She rolled her head slightly, like she was lining me up in her crosshairs. “You are shitting me”, she began hotly. “I know what you’re saying, but it’s not even the same. Man, I’d like to see you walk in a prostitute’s shoes. Only then would you know how lonely and scary it can be. Tell me you know what it’s like to work knowing your life is at risk: that you could be killed, jumped at any time because you carry cash; jumped in your own home if that’s where you do business; that no one will protect you unless you pay them; that no one would even care what happens to you cuz they think you’re nothing. Tell me you know what it’s like to give up your body everyday, to men who barely think of you as human, knowing that you’re giving away that part of yourself, every night.”
I gazed upwards, studiously contemplating sky and stars, life on Venus and Mars, alien yet pure of love and hate. “Well, I don’t know about the getting killed part. But the rest I can compare with, roughly.”
“Uh-huh?” she scoffed. “So you think you relate to prostitutes. How many have you been with?”
“Wait, I never said I’d been with a prostitute. I mean—”
She laughed back. “Yeah, I bet you haven’t.”
“I haven’t,” I replied adamantly. She relented.
“Alright. I’ll believe that, I guess, but it shows you don’t know what you’re talking about.”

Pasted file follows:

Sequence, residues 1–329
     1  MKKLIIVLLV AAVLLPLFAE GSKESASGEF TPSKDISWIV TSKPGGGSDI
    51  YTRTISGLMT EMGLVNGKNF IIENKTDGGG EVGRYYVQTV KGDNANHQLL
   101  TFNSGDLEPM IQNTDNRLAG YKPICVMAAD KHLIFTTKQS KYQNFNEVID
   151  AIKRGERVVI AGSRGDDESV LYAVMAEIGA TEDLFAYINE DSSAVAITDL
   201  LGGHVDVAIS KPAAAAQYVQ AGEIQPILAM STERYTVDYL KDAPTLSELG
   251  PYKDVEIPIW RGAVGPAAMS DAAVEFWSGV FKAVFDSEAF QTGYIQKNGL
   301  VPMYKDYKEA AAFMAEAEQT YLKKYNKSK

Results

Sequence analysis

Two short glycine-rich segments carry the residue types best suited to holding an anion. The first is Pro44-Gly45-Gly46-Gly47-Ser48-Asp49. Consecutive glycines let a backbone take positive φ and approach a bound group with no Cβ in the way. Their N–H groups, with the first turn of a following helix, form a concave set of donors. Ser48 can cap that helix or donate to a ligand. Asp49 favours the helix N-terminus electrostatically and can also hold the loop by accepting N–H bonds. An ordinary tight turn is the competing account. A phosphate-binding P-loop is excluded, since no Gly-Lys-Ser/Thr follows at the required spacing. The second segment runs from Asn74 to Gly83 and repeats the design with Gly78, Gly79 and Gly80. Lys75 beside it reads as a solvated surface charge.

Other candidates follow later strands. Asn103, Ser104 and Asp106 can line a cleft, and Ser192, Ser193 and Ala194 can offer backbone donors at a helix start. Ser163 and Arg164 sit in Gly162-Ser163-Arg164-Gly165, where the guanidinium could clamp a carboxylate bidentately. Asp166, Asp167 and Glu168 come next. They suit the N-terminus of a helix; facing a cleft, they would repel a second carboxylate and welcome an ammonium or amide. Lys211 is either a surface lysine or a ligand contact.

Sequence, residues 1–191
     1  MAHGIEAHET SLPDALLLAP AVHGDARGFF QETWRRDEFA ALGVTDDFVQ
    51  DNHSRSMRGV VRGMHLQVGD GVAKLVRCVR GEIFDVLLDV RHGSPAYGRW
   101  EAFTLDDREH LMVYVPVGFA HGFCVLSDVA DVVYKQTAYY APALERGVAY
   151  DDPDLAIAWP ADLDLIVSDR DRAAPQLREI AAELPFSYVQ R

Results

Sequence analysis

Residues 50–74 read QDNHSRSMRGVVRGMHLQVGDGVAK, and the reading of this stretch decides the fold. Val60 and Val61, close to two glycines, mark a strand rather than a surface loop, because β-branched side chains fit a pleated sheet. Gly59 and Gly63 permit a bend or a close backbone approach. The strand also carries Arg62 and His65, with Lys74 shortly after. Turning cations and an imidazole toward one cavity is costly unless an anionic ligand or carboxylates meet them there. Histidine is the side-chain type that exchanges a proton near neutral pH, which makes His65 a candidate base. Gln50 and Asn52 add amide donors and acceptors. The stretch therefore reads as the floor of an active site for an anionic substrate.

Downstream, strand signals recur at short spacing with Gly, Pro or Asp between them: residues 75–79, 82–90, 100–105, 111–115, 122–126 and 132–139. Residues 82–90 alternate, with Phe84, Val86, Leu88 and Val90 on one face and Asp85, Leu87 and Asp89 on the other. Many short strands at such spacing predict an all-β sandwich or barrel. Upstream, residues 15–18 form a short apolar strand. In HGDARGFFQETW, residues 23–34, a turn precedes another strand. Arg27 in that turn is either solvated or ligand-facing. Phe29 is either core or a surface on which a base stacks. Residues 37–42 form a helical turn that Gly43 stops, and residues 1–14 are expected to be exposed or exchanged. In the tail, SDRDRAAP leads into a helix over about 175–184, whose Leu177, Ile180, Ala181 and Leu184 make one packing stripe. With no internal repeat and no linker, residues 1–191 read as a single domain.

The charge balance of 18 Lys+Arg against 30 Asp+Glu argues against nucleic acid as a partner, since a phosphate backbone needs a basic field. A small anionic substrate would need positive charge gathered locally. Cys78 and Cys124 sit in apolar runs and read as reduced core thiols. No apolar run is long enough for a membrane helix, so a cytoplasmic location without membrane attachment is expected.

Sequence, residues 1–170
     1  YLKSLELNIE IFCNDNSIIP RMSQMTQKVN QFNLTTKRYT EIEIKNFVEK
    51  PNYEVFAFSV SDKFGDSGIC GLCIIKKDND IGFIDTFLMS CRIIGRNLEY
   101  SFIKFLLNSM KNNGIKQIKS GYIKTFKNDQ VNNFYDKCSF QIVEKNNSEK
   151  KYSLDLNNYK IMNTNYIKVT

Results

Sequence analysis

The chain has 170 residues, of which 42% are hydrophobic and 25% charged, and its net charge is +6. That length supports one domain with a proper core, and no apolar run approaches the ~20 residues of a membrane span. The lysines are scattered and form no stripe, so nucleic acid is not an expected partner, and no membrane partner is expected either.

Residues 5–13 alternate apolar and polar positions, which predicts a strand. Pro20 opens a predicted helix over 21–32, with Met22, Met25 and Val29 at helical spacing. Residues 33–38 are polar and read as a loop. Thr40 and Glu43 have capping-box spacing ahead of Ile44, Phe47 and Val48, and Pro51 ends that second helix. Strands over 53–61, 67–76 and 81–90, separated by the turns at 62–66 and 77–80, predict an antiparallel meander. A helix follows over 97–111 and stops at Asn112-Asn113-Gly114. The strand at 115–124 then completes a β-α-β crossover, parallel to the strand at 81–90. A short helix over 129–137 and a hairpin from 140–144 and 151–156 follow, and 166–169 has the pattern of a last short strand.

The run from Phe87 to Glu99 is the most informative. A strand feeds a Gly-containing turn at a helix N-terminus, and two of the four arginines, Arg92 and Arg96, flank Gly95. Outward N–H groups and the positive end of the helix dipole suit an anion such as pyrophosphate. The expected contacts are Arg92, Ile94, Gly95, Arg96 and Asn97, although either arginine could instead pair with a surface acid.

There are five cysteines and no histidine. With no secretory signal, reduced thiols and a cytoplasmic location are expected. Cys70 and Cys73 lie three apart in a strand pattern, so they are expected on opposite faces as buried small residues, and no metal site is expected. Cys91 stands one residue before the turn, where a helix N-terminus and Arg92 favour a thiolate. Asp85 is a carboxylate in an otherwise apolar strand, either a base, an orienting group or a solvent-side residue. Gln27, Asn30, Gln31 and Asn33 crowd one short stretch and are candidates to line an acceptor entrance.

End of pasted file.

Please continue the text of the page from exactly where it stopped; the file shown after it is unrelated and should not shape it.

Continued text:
“Well I’ve listened to quite a few—had them as patients.”
“Uh-huh.” She sat quietly for another few moments, letting her amusement subside. Then her voice turned somber, almost reverent.
“You ever cheat on your wife?”
“No,” I said flatly. She nodded inertly. “You believe me?” I followed up.
“I guess.” I uttered a noise which she took as a rebuke. “What do you want, a medal?”
I paused upon feeling aggrieved. “Sort of,” I replied.
“What?” she asked laughing.
“I should get a medal, actually. Any man who manages to avoid temptation should get a medal.”
“Any man? How about women?”
“Okay, women too, but it’s not the same for them.”
It got better. Soon I was expounding upon all the disadvantages men feel in the realm of sex.
–a passage from Venus Looks Down On A Prairie Vole
So a character poses a question, “have you ever been with a prostitute?” In doing so, the female antagonist is half-shaming the everymale of my story, and half-challenging his social critic credentials. Because he claims to know something. Daniel Pierce, my jaded psychologist, alcoholic widower, has a few thoughts on the subject of prostitution: like the chestnut leftist argument that all occupations in the western world entail prostitution. Therefore he doesn’t wring his hands on behalf of women, especially not women like Lira, who hardly seem like victims. Objectified? As in treated as, or thought of as an object? Sure, he concedes. But so is everyone to one degree or another, he retorts. Has she been subjectified, as in abused, or discarded. Not really, she admits, though she’s had close calls, and felt a constant risk. But she’s also profited considerably from her illicit business, spared herself the financial uphill that many of her same-age peers, male and female, face in today’s world. Above all, like any natural survivor or leader, this alpha prostitute has been nobody’s waif, but rather a cool, even dominant figure in the quasi intimate transactions of her past. In those dark, clammy pairings who has been more vulnerable, more ashamed, more consistently?
Her? Daniel Pierce writes a different script
** rendering by Philip Lawson